The laboratory “Genetics and Biology of Pediatric Tumors” directed by Olivier Delattre at the Curie Institute develops several research programs to understand the biology and oncogenic transformation mechanisms of various pediatric tumors. We are particularly interested in the mechanisms that govern cellular plasticity in childhood cancers and their role in treatment resistance. The Curie Institute provides an excellent scientific environment for high quality research with state-of-the-art equipment as well as a constellation of seminars covering many research areas.
The successful applicant joining the neuroblastoma team will work on a research project funded by INCa and led by Isabelle Janoueix-Lerosey, in collaboration with the laboratory of Valentina Boeva (ETH Zürich), a world-class expert in computational epigenetics in cancer.
Tumor cell plasticity has now been identified as a source of intra-tumor heterogeneity that may contribute to treatment failure in several types of cancer. To further explore the mechanisms of plasticity and their link with epigenetic remodeling, we will focus on neuroblastoma, a tumor of the sympathetic nervous system, derived from multipotent neural crest cells (NCC), which accounts for around 15% of children cancer-related deaths. High-Risk neuroblastoma most often initially responds to intensive chemotherapy; however, relapses frequently occur followed by fatal outcome. Through the analysis of the super-enhancer landscape, we recently revealed two types of cell identity in neuroblastoma: a sympathetic noradrenergic identity and a NCC-like identity, driven by a module including the PHOX2B, HAND2 and GATA3 transcription factors (TFs) and a module containing AP-1 TF, respectively (Boeva et al, Nature Genetics, 2017). We showed that NCC-like cells display mesenchymal features and are less sensitive to chemotherapy. Recent evidence indicates that some neuroblastoma cells exhibit plasticity and are able to shift between an NCC-like/mesenchymal and a noradrenergic identity and vice versa.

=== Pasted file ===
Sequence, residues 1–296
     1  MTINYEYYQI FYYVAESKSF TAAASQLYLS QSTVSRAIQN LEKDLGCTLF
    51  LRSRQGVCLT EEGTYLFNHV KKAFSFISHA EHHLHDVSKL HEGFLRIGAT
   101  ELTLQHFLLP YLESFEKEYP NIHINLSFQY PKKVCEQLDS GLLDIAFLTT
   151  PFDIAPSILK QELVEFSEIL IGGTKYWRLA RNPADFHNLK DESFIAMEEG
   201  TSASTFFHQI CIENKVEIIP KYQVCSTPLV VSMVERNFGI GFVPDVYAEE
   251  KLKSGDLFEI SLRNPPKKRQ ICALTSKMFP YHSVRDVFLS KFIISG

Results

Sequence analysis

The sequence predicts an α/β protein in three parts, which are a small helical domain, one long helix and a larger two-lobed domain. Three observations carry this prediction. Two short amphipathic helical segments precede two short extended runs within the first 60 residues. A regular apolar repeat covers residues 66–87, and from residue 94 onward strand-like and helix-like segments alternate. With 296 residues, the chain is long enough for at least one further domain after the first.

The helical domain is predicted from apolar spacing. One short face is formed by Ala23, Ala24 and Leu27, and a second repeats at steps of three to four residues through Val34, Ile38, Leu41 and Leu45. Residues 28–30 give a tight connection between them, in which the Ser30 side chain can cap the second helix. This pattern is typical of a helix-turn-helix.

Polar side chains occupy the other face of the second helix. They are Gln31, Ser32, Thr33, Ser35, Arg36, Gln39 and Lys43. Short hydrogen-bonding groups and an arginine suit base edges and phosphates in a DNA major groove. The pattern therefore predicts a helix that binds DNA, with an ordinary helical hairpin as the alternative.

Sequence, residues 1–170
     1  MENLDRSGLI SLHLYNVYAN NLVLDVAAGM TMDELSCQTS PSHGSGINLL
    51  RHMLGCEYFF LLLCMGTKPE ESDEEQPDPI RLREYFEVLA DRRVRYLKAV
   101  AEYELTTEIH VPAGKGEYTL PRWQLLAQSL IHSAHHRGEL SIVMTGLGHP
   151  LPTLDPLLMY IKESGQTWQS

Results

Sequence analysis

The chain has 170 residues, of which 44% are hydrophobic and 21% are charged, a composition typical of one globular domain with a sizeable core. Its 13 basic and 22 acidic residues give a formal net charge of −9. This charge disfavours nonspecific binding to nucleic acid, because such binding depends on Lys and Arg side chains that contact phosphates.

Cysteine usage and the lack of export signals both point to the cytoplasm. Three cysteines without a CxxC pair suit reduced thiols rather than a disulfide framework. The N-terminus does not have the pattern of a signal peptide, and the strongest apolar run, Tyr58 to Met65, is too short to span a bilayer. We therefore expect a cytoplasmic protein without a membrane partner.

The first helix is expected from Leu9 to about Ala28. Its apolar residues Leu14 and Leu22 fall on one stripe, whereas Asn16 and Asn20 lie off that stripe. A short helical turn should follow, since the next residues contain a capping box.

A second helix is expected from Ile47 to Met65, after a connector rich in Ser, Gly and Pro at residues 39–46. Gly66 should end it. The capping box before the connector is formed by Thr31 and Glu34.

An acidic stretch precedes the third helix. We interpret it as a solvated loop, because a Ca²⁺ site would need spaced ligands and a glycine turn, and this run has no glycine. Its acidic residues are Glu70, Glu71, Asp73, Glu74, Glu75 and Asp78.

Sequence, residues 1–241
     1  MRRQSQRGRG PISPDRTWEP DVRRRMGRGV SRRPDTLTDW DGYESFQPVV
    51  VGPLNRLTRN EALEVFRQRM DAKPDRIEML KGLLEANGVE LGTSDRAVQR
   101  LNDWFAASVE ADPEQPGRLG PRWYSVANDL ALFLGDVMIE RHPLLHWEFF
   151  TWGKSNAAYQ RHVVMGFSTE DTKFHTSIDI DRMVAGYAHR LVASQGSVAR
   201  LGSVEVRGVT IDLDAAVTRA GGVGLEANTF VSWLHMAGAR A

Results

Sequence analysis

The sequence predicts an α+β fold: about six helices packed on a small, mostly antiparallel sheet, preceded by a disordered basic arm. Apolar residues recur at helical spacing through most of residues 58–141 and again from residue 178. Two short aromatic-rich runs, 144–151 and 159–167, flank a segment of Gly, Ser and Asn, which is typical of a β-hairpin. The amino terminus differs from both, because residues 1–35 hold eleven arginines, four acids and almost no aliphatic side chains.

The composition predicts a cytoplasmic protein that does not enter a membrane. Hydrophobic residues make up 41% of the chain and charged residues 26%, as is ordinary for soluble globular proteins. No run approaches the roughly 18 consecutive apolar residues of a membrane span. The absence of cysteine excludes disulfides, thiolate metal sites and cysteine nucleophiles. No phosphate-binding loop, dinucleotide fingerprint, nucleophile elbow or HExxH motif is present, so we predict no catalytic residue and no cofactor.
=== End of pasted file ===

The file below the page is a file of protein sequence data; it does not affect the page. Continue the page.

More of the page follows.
This offer provides an opportunity to work on a multifaceted biological problem by developing and applying methods for integrative high-throughput data analysis. Your aim would be to investigate neuroblastoma cell identity, plasticity and heterogeneity using bioinformatics and computational biology approaches, in particular through the analysis of cancer cell ChIP-seq and RNA-seq data, both at the bulk and single cell level. The whole project will contribute to a better characterization of the role of cellular reprogramming in tumorigenesis and will eventually help choice of treatment of neuroblastoma patients.
We are looking for a candidate highly motivated to work with big data, particularly with single cell transcriptomic data and dig into cancer epigenetics. A master’s degree, experience in bioinformatics analysis (in R), and proficiency in English are required. Programming skills (Perl/Python), computational and mathematical background and/or experience in cellular and molecular biology would be a plus.
The position (2 years) is available starting September 1, 2019 or latter. Please apply by sending your CV and publication list together with a motivation letter and the names of two references to:
firstname.lastname@example.org and Valentina.Boeva@inserm.fr. Please indicate “Engineer position application U830” in the subject of your email.